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I5 2500k Temps a little high?

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January 16, 2014 4:20:06 PM

I built a pc recently and forgot to buy thermal paste. My cpu is i5 2500k and I'm using the stock cooler which still has a little thermal grease on it. Problem is, my temps shoot up to 85c according to ai suite 2 when under load (bf3) I'm guessing there isn't enough thermal grease so it is causing these temps. Anyway, I'll have to wait a week or so to receive my thermal paste and the pc is still operating fine at these temps lol. Is it safe to use for the next week until paste arrives or am I looking at some kinda damage?

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January 16, 2014 4:24:14 PM

yes it is, anything over 90C is worrying but under it is okay

and I hope you know that more thermal paste =/= more cooling, if you apply too much it can actually conduct heat and heat up your components even higher and damage them. It's all about the quality of the grease itself, and the method of applying it so that it fills all the cracks, google "pea" and "line" methods of applying thermal paste, you'll get some very helpful tips on how to best apply it
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January 16, 2014 4:24:24 PM

Probably safe if you go easy on it(web-browsing/emails). Keep playing Battlefield though and your rig may need a respawn point.
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January 16, 2014 4:36:44 PM

Hmm so 85c is OK to use. I said this on a different site and a bunch if people with these mega coolers kept saying I was insane to use it if it was going over 60c on load. I just don't want to burn the cpu out.
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January 16, 2014 4:42:48 PM

Next to water, heat is electronics greatest enemy. That being said, these newer CPU have throttling protections built into them that will force them to drop clock frequency. It isn't the best thing for it. You're playing thermal chicken with your silicon.

I personally wouldn't use it but it should be fine for checking email and web-browsing.
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January 16, 2014 4:42:53 PM

the CPU will be permanently damaged if you go over around 100C for an extended period of time, it's called the meltdown point where transistors melt and bend and become useless, anything above 90C (or maybe starting around 85 ish) your CPU will start throttling itself to prevent it from reaching that temperature, this process (theoretically) does no damage to your CPU but should still be a cause for concern.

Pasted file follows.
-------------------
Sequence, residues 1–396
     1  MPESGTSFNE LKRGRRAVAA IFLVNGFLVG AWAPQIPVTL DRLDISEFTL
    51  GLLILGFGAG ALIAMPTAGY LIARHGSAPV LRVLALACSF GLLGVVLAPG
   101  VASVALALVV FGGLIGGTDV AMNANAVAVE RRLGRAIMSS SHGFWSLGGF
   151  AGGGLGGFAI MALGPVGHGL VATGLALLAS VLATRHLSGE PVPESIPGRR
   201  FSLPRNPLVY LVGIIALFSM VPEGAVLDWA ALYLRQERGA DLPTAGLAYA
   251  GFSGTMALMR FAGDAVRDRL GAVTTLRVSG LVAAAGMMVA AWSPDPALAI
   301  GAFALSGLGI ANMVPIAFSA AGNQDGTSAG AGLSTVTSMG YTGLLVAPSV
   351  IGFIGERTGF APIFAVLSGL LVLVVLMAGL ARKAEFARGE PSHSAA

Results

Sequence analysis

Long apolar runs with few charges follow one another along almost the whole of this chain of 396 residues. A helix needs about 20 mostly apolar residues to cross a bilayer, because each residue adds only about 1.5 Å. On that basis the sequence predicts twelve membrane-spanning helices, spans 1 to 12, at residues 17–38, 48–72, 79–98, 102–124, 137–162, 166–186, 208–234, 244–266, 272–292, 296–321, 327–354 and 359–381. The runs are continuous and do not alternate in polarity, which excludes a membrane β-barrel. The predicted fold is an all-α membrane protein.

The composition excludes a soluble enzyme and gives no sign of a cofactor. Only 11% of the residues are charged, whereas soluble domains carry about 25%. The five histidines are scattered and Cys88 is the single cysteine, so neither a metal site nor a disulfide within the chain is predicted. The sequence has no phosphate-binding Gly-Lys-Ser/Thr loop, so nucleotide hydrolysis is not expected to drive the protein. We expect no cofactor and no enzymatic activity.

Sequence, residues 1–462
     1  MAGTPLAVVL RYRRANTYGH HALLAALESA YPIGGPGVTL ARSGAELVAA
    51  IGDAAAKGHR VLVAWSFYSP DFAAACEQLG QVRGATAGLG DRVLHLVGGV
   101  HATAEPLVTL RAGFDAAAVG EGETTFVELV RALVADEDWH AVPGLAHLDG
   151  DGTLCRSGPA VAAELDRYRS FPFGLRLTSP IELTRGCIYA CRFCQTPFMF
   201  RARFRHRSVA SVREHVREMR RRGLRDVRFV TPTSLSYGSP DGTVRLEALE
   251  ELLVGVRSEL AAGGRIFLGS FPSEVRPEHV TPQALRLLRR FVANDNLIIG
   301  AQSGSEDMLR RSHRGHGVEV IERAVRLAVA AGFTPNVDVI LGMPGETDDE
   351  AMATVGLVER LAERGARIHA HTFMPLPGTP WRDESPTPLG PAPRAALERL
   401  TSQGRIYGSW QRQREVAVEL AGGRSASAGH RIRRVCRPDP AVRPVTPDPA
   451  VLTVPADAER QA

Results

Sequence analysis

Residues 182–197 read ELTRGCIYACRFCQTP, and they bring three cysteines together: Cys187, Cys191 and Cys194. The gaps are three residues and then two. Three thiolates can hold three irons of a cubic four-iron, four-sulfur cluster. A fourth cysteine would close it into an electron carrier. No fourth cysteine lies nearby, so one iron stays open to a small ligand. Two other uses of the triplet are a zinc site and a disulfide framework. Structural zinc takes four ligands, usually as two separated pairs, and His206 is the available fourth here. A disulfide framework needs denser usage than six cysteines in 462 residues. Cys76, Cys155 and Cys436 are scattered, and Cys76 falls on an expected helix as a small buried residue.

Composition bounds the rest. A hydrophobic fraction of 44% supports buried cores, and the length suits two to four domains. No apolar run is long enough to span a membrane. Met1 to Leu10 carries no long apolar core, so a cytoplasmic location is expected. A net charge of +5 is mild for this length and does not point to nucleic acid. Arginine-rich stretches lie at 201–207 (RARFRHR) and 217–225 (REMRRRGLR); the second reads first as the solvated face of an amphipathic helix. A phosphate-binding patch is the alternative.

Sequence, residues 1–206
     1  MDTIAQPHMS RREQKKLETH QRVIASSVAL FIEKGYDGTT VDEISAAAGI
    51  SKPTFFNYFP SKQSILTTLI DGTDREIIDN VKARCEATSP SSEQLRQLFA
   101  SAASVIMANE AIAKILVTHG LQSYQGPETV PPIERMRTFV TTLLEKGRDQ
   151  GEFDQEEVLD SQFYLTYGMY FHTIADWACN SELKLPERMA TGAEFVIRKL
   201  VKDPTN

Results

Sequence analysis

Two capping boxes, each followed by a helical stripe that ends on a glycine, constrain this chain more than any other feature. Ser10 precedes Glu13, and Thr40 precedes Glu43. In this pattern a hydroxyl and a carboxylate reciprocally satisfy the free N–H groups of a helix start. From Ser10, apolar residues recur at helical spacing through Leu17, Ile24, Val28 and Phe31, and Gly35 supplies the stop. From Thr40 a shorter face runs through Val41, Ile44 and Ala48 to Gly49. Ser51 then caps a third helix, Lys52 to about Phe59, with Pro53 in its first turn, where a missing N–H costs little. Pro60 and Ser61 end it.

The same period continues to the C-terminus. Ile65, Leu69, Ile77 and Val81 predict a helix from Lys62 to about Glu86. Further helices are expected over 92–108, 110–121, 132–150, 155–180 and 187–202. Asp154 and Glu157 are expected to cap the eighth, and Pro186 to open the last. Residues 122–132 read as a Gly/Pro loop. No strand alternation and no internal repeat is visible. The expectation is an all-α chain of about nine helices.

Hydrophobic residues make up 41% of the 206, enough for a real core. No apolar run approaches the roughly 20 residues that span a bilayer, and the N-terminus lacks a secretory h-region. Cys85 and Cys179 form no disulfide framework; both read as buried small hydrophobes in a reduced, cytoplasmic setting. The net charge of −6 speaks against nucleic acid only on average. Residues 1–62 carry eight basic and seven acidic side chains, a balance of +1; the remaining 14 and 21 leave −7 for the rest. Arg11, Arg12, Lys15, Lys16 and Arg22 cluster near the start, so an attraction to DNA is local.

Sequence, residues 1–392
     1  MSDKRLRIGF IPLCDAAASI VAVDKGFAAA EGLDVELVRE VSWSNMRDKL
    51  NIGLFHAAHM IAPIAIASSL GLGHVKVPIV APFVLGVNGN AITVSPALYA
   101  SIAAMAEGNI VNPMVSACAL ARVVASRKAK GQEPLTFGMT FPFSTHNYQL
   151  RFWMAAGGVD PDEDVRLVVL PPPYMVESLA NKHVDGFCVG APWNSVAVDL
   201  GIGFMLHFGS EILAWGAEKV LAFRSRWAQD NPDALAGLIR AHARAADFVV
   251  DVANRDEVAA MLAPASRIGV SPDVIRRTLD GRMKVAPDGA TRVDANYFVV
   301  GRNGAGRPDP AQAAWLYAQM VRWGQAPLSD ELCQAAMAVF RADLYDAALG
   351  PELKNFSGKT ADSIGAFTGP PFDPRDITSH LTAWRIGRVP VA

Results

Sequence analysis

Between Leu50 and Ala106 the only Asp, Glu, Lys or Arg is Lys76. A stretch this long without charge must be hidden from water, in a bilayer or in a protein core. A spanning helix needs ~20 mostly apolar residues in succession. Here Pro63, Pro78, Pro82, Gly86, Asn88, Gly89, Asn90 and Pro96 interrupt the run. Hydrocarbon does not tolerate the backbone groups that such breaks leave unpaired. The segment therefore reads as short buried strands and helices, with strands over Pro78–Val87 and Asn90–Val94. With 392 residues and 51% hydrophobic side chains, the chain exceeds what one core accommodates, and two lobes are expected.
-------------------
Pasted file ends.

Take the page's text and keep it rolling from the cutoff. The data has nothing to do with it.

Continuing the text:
After your thermal paste arrives and you've applied it properly, if your CPU never goes over 80C then you don't have a single problem. Refusing to let your CPU go above 60C because it might damage the chip is like not letting your car drive above 2000 RPM because it might shorten the lifespan of the engine...
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January 16, 2014 4:47:16 PM

lmaonade200 said:
the CPU will be permanently damaged if you go over around 100C for an extended period of time, it's called the meltdown point where transistors melt and bend and become useless, anything above 90C (or maybe starting around 85 ish) your CPU will start throttling itself to prevent it from reaching that temperature, this process (theoretically) does no damage to your CPU but should still be a cause for concern.

After your thermal paste arrives and you've applied it properly, if your CPU never goes over 80C then you don't have a single problem. Refusing to let your CPU go above 60C because it might damage the chip is like not letting your car drive above 2000 RPM because it might shorten the lifespan of the engine...


good analogy.
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January 16, 2014 4:51:44 PM

skit75 said:
lmaonade200 said:
the CPU will be permanently damaged if you go over around 100C for an extended period of time, it's called the meltdown point where transistors melt and bend and become useless, anything above 90C (or maybe starting around 85 ish) your CPU will start throttling itself to prevent it from reaching that temperature, this process (theoretically) does no damage to your CPU but should still be a cause for concern.

After your thermal paste arrives and you've applied it properly, if your CPU never goes over 80C then you don't have a single problem. Refusing to let your CPU go above 60C because it might damage the chip is like not letting your car drive above 2000 RPM because it might shorten the lifespan of the engine...


good analogy.


Thank you :)  I try
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January 16, 2014 5:42:41 PM

I guess i"ll just wait for the paste arrive then. I'll use my iphone in the meantime
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